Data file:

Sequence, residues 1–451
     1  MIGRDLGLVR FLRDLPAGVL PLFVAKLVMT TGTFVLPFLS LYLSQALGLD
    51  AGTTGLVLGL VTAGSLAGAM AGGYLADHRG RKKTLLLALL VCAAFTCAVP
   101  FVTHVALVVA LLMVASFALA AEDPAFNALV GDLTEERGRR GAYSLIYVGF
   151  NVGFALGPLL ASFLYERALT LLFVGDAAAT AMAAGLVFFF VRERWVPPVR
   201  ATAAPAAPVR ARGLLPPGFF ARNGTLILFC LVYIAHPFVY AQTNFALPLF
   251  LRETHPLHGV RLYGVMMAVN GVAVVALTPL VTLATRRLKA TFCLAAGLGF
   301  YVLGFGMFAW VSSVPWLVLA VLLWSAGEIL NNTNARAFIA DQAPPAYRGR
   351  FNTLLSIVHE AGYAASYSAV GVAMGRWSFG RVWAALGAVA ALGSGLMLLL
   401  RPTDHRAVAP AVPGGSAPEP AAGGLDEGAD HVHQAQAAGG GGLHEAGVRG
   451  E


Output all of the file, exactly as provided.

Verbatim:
Sequence, residues 1–451
     1  MIGRDLGLVR FLRDLPAGVL PLFVAKLVMT TGTFVLPFLS LYLSQALGLD
    51  AGTTGLVLGL VTAGSLAGAM AGGYLADHRG RKKTLLLALL VCAAFTCAVP
   101  FVTHVALVVA LLMVASFALA AEDPAFNALV GDLTEERGRR GAYSLIYVGF
   151  NVGFALGPLL ASFLYERALT LLFVGDAAAT AMAAGLVFFF VRERWVPPVR
   201  ATAAPAAPVR ARGLLPPGFF ARNGTLILFC LVYIAHPFVY AQTNFALPLF
   251  LRETHPLHGV RLYGVMMAVN GVAVVALTPL VTLATRRLKA TFCLAAGLGF
   301  YVLGFGMFAW VSSVPWLVLA VLLWSAGEIL NNTNARAFIA DQAPPAYRGR
   351  FNTLLSIVHE AGYAASYSAV GVAMGRWSFG RVWAALGAVA ALGSGLMLLL
   401  RPTDHRAVAP AVPGGSAPEP AAGGLDEGAD HVHQAQAAGG GGLHEAGVRG
   451  E